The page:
Israel: Trapped in an oxymoron

Readers may need to be reminded: There are Palestinians living in the state of Israel. One could be forgiven for not appreciating this given the way UK mainstream media reports the so-called ‘democratic’ protests within Israel.

But the truth needs to be told: Palestinians comprise around 20% of the population of the state, rising to just over 50% of the population if one includes the West Bank, Gaza and East Jerusalem – land Occupied by Israel and under its effective control.  

In an admittedly thoroughly unscientific assessment, based on my personal viewing/listening habits of mainstream media, I heard the word ‘Palestinian’ barely mentioned in reports on the ‘pro-democracy’ demonstrations, still less any examination of Israeli-Palestinian citizens’ perspectives. Palestinians are noticeably missing from the demonstrations, a fact that should at the very least aroused media curiosity as to why.

As to the 4.7 million Palestinians living under Israeli military law in Gaza and the West Bank, the Occupation itself making a mockery of pro-democracy rhetoric, mainstream UK media, as with mainstream Israeli opinion, generally sees no Palestinians, hears no Palestinians, speaks not of Palestinians.  We might dub this syndrome ‘negative affinity’: the way UK mainstream media replicates the lacunae, absences and seeming indifference to the perspectives of Palestinians.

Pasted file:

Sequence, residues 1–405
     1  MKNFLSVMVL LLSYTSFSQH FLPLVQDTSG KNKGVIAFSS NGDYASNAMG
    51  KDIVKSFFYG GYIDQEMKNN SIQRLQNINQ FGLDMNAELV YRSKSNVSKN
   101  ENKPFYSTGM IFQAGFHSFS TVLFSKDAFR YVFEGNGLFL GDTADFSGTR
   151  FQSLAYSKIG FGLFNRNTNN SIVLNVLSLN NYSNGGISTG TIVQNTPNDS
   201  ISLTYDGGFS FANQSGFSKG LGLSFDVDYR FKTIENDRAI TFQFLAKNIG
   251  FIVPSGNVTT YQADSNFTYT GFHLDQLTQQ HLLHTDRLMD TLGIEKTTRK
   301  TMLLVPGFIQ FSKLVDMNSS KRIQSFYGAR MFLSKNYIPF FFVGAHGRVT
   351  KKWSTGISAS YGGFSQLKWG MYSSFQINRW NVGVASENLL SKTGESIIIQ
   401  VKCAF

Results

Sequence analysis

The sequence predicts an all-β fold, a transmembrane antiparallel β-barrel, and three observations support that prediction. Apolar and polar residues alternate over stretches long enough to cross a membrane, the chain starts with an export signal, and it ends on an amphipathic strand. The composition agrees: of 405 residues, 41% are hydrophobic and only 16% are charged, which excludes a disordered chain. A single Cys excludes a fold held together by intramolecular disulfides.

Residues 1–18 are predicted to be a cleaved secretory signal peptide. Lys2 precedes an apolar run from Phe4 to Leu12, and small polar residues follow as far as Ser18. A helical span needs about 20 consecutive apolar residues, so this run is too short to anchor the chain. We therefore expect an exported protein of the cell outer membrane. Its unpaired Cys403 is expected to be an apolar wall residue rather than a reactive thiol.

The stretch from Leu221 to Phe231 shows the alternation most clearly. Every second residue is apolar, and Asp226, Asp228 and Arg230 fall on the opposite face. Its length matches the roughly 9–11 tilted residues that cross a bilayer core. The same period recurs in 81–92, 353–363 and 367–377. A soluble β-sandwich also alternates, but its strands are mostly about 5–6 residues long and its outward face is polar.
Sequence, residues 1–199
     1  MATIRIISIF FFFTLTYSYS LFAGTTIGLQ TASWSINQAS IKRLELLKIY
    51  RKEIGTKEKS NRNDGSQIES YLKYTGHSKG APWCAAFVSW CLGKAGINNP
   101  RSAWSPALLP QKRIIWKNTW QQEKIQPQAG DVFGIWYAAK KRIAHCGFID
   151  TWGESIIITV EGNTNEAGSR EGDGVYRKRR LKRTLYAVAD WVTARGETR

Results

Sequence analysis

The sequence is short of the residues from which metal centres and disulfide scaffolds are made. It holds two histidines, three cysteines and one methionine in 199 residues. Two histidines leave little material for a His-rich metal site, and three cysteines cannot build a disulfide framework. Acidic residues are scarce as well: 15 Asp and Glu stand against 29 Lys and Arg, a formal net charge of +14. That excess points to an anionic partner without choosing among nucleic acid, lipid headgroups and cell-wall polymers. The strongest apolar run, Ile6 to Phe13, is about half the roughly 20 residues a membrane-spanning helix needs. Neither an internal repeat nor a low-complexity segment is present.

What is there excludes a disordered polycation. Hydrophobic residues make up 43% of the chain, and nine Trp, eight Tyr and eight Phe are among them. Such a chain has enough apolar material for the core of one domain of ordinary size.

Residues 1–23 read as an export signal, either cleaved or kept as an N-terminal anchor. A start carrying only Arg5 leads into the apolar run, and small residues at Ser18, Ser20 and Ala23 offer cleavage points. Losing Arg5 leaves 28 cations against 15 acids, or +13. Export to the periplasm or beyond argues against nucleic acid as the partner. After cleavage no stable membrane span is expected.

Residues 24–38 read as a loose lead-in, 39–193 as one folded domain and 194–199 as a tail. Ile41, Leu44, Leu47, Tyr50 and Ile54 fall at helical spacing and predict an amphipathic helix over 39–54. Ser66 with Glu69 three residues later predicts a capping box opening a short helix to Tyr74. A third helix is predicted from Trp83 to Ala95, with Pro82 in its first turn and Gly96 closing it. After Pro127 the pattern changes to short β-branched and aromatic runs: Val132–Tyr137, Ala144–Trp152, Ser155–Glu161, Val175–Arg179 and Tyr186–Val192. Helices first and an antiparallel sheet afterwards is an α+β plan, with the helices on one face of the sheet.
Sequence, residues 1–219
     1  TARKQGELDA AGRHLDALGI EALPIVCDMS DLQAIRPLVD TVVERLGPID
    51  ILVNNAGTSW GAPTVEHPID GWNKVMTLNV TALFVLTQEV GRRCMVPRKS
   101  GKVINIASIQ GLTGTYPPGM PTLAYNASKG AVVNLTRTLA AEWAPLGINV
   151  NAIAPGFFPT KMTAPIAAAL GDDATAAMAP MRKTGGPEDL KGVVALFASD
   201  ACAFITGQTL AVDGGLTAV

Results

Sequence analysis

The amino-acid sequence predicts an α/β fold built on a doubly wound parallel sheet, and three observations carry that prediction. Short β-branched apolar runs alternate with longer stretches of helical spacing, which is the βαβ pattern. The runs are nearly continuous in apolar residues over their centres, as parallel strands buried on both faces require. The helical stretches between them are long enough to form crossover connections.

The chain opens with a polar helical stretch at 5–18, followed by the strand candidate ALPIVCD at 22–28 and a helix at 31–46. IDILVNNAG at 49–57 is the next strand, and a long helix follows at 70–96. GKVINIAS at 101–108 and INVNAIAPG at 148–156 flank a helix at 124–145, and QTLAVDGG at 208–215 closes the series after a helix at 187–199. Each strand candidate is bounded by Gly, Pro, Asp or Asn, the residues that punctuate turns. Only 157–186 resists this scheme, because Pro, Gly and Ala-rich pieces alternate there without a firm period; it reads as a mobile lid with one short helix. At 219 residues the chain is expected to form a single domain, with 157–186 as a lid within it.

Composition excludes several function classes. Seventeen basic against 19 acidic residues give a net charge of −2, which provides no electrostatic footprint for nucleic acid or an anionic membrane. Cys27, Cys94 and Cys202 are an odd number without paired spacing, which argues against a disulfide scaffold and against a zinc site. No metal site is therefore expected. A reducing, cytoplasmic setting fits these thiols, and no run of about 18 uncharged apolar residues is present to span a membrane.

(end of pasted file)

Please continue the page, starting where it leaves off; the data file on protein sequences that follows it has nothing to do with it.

Elastic words

A prerequisite for speaking intelligibly with another is agreement, implied for the most part, on the meaning that attaches to key words and concepts. True, language, being by its nature elastic, protean, allows for degrees of latitude in use, but there are limits beyond which the meaning of a word or concept cannot be stretched without doing violence to the possibility of speaking intelligibly with another.  

The question thus arises as to whether Israeli Jews, many of whom are demonstrating with passion and conviction to save ‘their’ democracy, have stretched the meaning of that word, ‘democracy’ beyond the degree of latitude that enables meaningful speech, thereby limiting the degree to which political action can be conducted in good faith.

Athenian democracy – you wouldn’t want it

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About Me

My name is Bernard Spiegal, I write mainly about Palestine/Israel and related issues; sometimes other stuff too


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